English Amateur Billiards Association

EABA : The Billiard Monthly : February, 1911

The Billiard Monthly : February, 1911

Essential Billiard Components

I.—THE CUE

Probably no game—indoor or outdoor—depends more
upon the quality of the implements and accessories that
are employed in its pursuit than billiards. Herbert Spencer,
in describing billiards as a game in which two men knock
three balls about a table with sticks, was right. Only it
is necessary that the “sticks,” the balls, and the table
should be of the right kind, and that the men should know
something of the intricate and almost limitless possibilities
that the game—elementary as it may appear to a casual
observer—yields to its votaries.

The stems of the best billiard cues are made from the
most closely-grained wood of the taller ash tree, which, in
its turn, belongs to the olive family. In the
selection of the wood that is most suitable for the
making of reliable cues the manufacturers who
specialize in that department have to bring to bear a
knowledge and an intuition that are the outcome of many
years of experience. Good billiard players know how enormously
a break is affected by the nature of the cue that is
used in making it, and those—whether professionals or
advanced amateurs—who play much would not dream of
entering upon a serious contest without having available
two cues made according to the best-known formulae, and
as nearly as possible identical in dimensions, weight, substance,
balance, and finish.

“There are cues and cues,” billiard players are sometimes
heard to say. We may go further and suggest that there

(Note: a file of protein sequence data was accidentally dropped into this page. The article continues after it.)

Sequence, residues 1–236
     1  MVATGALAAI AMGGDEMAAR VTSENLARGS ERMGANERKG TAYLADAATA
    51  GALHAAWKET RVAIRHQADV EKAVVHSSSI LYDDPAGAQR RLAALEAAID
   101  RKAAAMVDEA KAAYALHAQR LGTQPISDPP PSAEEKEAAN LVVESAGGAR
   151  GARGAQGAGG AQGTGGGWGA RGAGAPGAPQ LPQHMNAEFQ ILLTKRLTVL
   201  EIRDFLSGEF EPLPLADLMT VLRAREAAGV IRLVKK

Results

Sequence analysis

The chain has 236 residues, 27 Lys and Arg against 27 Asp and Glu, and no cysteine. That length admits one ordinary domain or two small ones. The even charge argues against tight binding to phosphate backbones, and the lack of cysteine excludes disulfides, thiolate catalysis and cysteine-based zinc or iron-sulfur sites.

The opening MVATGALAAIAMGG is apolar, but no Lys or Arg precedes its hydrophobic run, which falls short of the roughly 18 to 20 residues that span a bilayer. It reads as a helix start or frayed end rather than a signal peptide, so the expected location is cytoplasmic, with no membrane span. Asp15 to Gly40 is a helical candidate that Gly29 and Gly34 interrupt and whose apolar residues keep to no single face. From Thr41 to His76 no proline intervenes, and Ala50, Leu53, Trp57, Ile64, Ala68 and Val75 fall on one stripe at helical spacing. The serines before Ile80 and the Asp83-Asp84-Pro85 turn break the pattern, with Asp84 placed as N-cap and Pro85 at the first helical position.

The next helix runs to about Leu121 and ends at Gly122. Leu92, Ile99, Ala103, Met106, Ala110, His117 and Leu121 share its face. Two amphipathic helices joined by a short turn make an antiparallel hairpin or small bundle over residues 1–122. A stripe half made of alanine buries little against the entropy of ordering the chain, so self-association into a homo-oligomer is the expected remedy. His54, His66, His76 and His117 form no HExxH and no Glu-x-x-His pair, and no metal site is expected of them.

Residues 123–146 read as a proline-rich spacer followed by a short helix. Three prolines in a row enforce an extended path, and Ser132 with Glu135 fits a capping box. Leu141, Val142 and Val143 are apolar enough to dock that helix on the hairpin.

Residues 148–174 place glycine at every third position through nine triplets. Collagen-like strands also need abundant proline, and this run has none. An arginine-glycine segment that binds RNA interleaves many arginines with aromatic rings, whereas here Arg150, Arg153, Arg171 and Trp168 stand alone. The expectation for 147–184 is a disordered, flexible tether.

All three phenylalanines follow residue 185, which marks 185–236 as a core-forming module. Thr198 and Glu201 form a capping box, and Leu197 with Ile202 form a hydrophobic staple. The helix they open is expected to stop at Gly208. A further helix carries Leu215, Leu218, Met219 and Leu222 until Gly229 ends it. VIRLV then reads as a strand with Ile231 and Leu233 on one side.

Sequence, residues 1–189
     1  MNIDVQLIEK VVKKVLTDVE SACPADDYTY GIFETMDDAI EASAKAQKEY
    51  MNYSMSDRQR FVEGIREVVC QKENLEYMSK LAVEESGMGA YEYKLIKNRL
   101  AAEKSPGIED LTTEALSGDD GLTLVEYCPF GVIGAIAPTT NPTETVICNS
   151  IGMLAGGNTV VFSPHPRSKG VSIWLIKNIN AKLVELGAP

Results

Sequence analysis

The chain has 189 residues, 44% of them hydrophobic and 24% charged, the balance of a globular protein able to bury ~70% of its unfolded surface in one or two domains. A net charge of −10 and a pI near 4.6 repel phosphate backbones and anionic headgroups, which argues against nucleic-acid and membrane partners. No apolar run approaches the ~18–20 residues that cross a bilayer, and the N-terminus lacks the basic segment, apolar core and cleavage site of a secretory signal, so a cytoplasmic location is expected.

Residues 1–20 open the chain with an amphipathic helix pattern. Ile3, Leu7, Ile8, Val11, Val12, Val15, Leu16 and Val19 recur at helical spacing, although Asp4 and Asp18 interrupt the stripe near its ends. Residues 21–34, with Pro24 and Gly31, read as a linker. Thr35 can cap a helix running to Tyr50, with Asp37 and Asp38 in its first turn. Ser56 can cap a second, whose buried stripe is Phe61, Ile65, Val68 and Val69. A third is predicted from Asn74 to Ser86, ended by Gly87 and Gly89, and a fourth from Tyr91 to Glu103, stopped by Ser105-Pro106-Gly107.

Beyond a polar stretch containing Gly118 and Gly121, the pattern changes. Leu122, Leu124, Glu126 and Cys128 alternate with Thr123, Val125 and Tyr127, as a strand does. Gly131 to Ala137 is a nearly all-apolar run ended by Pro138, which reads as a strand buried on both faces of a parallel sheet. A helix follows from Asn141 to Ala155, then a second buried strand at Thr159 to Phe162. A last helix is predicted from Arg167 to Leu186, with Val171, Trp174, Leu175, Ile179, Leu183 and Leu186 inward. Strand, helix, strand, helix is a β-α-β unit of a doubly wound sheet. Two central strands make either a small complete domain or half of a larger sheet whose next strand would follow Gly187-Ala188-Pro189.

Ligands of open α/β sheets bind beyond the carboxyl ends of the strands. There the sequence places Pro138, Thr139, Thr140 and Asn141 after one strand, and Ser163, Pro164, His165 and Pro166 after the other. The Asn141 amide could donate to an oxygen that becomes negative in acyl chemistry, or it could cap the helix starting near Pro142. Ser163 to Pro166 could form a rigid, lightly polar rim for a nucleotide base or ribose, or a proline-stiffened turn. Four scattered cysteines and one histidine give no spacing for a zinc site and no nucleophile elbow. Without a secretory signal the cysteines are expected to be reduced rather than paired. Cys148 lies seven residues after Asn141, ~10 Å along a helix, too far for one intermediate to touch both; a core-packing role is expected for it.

are cues and things that, although named “cues,” are not
really cues at all. In public billiard rooms, so-called cues
are frequently to be found which possess every vice that
can be attached to the implement. Unbutted, or, worse
still, unskilfully butted, they are devoid of balance, and can
never be delicately or successfully utilized. Unequal in
density and soft or springy towards the taper end, they
assist in deflecting a hard-struck ball exactly when the
utmost accuracy is required. Fashioned according to no
scientific rule, but merely to a given series of weights,
they may feel in the hand like anything from a bamboo cane
to a broom handle.

The billiard player who desires to reap pleasure from his
game and to attain to a certain degree of proficiency should
hie him at the outset to a reputable firm of billiard table
makers, who, if specially consulted on the subject, will
take pleasure in fitting him with a cue, or pair of cues,
exactly appropriate to his build, style of play, and temperament.

The right cue having once been purchased, the
utmost care should be taken of it. If its owner have a
billiard table of his own, no better place for the cue, when
not in use, can be found, than the surface of the table itself,
underneath the cover. Otherwise the best plan is to
keep it suspended in a case. The one thing that should
not be done with it is to leave it leaning against a wall.

Self-respecting cues resent this treatment very much, and
have a way of showing their resentment which is not to
their owner’s advantage when he is playing.

Perhaps a word or two may be said as to the way in
which, according to the consensus of opinion of all the
most distinguished and successful players, the cue should
be handled. The three golden rules are: (1) hold lightly;
(2) swing horizontally; (3) work straightly. To which
may be added the advice to bring the cue well back, and
then, without a stop, to send it well forward, with an easy,
flowing action. Under these conditions the cue, if properly
aligned, will drive the ball in the precise direction in which
it points. The reason why so many players fail to
score from a given shot, or even miss the object ball, is
that, in consequence of imparting a deflected motion to the
cue, a different part of the ball is struck from that which
is intended.


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